2 September 2006

US: Bullish or Bearish?

Morgan Stanley: "On balance, I remain constructive on the structural prognosis while I have turned more pessimistic on the cyclical outlook.
Four months ago, I dared to pen my first constructive piece on the global macro outlook in years (see my 1 May dispatch, “World on the Mend”). Yet recently, I have warned of the mounting downside risks to world economic growth in 2007 (see my 14 August dispatch, “Not Much Fizz Left in the Global Economy”). How do I reconcile these seemingly contradictory points of view?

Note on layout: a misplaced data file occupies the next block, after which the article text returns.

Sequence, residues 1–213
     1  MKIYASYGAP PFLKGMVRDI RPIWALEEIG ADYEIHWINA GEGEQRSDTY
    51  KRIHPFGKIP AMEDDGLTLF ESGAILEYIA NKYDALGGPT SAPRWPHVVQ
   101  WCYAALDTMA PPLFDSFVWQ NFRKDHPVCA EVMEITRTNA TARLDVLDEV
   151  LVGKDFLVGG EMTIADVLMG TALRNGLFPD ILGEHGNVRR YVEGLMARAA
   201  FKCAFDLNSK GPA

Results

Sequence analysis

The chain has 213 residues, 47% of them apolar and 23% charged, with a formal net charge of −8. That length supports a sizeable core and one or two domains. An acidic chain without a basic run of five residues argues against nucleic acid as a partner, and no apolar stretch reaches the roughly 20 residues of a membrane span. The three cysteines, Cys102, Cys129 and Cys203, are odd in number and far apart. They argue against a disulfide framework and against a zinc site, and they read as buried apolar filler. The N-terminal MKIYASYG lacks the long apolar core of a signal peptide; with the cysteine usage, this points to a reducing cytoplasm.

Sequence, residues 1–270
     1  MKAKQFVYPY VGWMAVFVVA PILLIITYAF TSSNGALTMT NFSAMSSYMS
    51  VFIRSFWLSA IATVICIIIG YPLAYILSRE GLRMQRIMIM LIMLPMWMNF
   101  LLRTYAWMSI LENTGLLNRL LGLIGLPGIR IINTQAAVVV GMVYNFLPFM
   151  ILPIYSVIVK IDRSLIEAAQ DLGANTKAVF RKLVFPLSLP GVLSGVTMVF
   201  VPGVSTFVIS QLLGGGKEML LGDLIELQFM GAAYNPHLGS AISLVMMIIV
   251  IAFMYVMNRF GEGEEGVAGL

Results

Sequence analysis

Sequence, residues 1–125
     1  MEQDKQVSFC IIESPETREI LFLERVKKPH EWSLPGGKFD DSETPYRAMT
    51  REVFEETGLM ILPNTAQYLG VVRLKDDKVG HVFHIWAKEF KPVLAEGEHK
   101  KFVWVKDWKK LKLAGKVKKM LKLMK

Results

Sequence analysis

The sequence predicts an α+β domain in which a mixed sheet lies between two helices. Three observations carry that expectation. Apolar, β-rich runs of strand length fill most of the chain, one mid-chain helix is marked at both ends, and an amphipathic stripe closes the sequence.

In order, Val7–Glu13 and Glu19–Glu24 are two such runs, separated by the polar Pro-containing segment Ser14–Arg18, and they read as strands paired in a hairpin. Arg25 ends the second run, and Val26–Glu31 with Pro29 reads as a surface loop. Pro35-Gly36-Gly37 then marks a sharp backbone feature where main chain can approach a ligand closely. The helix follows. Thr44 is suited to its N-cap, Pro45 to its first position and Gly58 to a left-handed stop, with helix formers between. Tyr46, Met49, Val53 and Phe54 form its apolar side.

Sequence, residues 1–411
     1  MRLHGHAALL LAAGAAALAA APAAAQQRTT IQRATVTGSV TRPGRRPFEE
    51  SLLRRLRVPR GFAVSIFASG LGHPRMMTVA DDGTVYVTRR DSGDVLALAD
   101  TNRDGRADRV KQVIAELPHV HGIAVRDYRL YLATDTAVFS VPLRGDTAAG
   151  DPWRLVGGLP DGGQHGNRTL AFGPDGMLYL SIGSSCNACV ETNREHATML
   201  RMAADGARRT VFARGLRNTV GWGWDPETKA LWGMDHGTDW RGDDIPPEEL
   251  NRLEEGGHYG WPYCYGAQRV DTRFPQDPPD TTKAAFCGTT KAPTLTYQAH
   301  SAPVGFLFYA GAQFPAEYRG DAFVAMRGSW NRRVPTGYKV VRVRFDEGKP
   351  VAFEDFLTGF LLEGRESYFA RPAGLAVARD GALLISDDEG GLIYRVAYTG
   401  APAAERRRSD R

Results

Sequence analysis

My optimistic assessment was primarily a call on the global policy architecture -- the structural framework that governs the cross-border interplay between national economies and world financial markets. I was encouraged because the so-called stewards of globalization finally seemed to be taking the threat of mounting global imbalances seriously. The 22 April meetings of the G-7 and the IMF were watershed events -- singling out global imbalances as an increasingly worrisome threat to sustainable growth in the world economy. The IMF introduced a new paradigm of surveillance and consultation that moved from a single-country to a multilateral framework. I drew added encouragement from pro-consumption rumblings in China that pointed to a rebalancing of that economy away from excess dependence on exports and fixed investment. For years, I worried that the authorities were asleep at the switch as an increasingly unbalanced world veered toward a highly disruptive strain of global rebalancing. With global policy makers finally waking up to the threat, I argued that it made sense to reduce the odds of a crisis endgame"

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